Some man is white

The discussion at BV's on the 'thin' conception of existence seems to be approaching a denouement. I've been following its twists and turns and excursions down blind alleys for about five years. But in his latest post Bill states that he holds that 'some man is white' and 'a white man exists' have different meanings. The latter is
richer in meaning than the some-sentence. It makes explicit that the item that is both human and white exists, is not nothing, is mind-independently real -- however you want to put it.
Hence it makes sense to say that 'a white man exists' can metaphysically ground or explain 'some man is white.' And it also makes sense to say with Meinong that 'some item does not exist' is not a narrowly logical contradiction, though Bill agrees that it is false. This strikes me as a very narrow place to stand indeed, but my impression is that much flows from it in Bill's philosophy.  It's like bestriding a watershed.  One might have hoped that where one ends up would not be so critically dependent on one's starting point, but perhaps this is the nature of the subject.  I can't see where the discussion can go from here, but at least we have isolated our differences.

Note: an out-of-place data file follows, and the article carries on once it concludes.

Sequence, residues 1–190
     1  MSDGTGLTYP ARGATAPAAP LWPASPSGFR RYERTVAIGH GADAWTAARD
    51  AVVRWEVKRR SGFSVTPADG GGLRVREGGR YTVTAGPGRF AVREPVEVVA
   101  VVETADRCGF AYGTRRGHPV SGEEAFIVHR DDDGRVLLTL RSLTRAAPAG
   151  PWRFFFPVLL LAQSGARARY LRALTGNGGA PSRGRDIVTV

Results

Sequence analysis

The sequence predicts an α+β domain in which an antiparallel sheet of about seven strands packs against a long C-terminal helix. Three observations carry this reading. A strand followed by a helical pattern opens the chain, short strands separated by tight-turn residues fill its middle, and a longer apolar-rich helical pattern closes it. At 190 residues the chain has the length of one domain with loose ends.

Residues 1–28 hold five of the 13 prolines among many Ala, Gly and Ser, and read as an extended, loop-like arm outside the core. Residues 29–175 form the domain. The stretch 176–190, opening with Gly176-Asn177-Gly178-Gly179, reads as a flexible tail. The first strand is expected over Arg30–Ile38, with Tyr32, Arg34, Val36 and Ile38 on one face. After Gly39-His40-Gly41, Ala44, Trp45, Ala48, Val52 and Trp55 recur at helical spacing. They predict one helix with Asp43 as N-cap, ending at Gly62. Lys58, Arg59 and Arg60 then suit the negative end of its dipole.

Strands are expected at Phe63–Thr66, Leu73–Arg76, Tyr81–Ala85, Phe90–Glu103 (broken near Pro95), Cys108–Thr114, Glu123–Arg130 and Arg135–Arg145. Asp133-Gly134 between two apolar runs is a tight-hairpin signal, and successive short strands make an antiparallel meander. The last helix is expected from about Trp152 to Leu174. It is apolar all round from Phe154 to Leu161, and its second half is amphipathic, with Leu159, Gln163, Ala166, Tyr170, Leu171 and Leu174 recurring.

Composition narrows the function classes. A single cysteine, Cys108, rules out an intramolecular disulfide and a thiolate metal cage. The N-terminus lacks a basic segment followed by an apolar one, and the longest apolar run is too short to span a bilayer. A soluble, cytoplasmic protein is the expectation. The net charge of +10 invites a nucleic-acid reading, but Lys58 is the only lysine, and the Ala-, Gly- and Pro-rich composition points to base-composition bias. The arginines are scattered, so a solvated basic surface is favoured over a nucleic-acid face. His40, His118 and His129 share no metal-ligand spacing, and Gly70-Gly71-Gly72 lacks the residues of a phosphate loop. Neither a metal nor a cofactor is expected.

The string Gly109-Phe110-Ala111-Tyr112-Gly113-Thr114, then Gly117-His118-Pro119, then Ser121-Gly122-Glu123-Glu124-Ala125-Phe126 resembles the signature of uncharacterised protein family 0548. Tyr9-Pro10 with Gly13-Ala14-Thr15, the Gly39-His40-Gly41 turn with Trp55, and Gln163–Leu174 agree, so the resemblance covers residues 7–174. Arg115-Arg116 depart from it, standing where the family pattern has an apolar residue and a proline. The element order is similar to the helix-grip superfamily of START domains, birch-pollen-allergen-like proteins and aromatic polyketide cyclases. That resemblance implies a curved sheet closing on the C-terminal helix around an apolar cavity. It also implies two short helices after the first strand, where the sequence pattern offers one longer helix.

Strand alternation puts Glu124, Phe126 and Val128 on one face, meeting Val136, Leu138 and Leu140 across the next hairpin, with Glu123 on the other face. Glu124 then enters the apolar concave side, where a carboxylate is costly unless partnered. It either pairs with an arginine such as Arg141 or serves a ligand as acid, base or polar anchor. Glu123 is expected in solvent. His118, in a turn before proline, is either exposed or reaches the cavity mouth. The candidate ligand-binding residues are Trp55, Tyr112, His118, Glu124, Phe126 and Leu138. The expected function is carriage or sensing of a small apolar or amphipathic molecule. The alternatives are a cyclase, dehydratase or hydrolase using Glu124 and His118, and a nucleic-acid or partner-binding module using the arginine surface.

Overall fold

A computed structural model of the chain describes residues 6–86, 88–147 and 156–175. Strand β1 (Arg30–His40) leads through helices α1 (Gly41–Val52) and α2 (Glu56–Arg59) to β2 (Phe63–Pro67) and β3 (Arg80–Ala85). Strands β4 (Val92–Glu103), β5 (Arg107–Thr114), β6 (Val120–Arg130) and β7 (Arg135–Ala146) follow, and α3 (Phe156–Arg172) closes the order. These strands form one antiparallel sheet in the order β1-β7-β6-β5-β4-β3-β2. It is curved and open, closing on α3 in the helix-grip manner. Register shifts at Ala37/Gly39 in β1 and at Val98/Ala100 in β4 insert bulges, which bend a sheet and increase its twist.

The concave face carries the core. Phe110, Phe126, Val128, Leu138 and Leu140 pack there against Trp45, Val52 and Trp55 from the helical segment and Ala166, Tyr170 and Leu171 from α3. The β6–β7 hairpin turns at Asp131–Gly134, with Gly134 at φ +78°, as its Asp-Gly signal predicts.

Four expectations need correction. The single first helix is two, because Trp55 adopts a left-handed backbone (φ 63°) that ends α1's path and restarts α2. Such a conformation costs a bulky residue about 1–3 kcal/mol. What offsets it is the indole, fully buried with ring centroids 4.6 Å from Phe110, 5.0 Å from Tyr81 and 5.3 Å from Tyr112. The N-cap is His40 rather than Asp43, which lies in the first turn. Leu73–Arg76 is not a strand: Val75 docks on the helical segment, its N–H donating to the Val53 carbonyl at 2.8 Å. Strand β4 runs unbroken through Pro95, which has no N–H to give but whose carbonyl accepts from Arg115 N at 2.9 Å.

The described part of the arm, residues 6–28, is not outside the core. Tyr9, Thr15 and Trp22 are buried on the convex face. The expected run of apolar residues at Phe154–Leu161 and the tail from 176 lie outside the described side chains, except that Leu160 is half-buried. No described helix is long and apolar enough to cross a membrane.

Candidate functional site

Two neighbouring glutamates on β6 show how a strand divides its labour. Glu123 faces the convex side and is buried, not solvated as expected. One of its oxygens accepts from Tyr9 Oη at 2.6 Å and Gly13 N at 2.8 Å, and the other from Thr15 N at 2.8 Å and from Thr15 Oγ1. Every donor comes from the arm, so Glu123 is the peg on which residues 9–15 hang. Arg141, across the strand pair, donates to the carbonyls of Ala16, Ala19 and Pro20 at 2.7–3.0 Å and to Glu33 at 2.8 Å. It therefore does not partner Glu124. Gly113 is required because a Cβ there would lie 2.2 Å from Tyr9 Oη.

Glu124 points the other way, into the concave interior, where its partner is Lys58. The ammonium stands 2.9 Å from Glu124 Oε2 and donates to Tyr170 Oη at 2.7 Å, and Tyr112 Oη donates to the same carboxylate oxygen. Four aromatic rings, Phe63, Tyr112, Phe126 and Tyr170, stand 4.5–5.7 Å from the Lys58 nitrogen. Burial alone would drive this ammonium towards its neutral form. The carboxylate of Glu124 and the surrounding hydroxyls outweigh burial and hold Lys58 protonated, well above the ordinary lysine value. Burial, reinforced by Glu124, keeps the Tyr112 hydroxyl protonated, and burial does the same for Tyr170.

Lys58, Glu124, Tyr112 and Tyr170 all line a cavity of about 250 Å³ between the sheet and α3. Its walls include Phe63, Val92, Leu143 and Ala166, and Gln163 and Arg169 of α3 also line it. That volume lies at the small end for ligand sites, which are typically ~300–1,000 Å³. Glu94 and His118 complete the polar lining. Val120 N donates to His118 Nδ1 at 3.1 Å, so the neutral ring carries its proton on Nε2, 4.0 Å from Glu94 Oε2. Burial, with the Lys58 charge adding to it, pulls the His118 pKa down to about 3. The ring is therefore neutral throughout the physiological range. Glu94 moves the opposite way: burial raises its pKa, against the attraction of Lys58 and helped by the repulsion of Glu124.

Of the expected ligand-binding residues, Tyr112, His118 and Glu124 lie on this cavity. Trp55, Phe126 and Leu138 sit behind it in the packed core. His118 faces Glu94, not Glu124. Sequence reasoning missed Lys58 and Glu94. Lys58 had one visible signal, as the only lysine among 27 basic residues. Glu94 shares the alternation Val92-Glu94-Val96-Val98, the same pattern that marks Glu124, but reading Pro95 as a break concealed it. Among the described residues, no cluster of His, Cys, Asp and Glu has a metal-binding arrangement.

One last point.  Bill says,
The substantive question is: What is the nature of existence? If the thin theory is worth discussing it is the theory that "existence is what existential quantification expresses" (Quine), that existence is wholly understandable in terms of such purely logical notions as the particular quantifier and identity. Thus Quine explicates 'a exists' in terms of '(∃x)(x = a).' That existence is a purely logical notion is what I most strenuously deny.
I think Quine says this somewhere in Word and Object. I don't have the book to hand, but  I don't recall that Quine was attempting a theory of existence in this passage. Rather, he is somewhat wearily accommodating those who would wish to find in his regimented language an expression of the singular existential 'a exists'. He says that his formula '(∃x)(x=a)' works rather nicely, or turns out well, or some other throwaway phrase which suggests he doesn't regard this as terribly significant.

We 'thins' don't have a theory of existence---that's much too hard.  We just think existence can be expressed by 'some'.

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